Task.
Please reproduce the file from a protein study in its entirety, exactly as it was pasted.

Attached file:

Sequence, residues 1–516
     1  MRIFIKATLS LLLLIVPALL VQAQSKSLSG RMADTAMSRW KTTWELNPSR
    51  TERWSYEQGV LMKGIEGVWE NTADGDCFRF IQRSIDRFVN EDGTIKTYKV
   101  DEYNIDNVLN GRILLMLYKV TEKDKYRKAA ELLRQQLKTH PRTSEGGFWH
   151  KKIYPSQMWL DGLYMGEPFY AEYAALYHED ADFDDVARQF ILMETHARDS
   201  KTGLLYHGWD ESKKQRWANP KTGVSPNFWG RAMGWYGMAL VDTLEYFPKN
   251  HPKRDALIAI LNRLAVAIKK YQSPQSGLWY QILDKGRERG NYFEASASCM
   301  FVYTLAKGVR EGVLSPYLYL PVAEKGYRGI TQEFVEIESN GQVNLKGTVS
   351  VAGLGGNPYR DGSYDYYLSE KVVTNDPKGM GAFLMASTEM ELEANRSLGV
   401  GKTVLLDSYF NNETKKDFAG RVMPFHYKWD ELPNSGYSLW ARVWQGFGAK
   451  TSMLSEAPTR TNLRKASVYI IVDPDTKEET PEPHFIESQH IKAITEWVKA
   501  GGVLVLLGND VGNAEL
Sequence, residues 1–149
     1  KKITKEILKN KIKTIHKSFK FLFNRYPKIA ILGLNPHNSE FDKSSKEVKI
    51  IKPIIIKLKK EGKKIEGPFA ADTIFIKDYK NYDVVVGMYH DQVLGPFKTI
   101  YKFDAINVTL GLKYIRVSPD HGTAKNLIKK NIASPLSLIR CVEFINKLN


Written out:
Sequence, residues 1–516
     1  MRIFIKATLS LLLLIVPALL VQAQSKSLSG RMADTAMSRW KTTWELNPSR
    51  TERWSYEQGV LMKGIEGVWE NTADGDCFRF IQRSIDRFVN EDGTIKTYKV
   101  DEYNIDNVLN GRILLMLYKV TEKDKYRKAA ELLRQQLKTH PRTSEGGFWH
   151  KKIYPSQMWL DGLYMGEPFY AEYAALYHED ADFDDVARQF ILMETHARDS
   201  KTGLLYHGWD ESKKQRWANP KTGVSPNFWG RAMGWYGMAL VDTLEYFPKN
   251  HPKRDALIAI LNRLAVAIKK YQSPQSGLWY QILDKGRERG NYFEASASCM
   301  FVYTLAKGVR EGVLSPYLYL PVAEKGYRGI TQEFVEIESN GQVNLKGTVS
   351  VAGLGGNPYR DGSYDYYLSE KVVTNDPKGM GAFLMASTEM ELEANRSLGV
   401  GKTVLLDSYF NNETKKDFAG RVMPFHYKWD ELPNSGYSLW ARVWQGFGAK
   451  TSMLSEAPTR TNLRKASVYI IVDPDTKEET PEPHFIESQH IKAITEWVKA
   501  GGVLVLLGND VGNAEL
Sequence, residues 1–149
     1  KKITKEILKN KIKTIHKSFK FLFNRYPKIA ILGLNPHNSE FDKSSKEVKI
    51  IKPIIIKLKK EGKKIEGPFA ADTIFIKDYK NYDVVVGMYH DQVLGPFKTI
   101  YKFDAINVTL GLKYIRVSPD HGTAKNLIKK NIASPLSLIR CVEFINKLN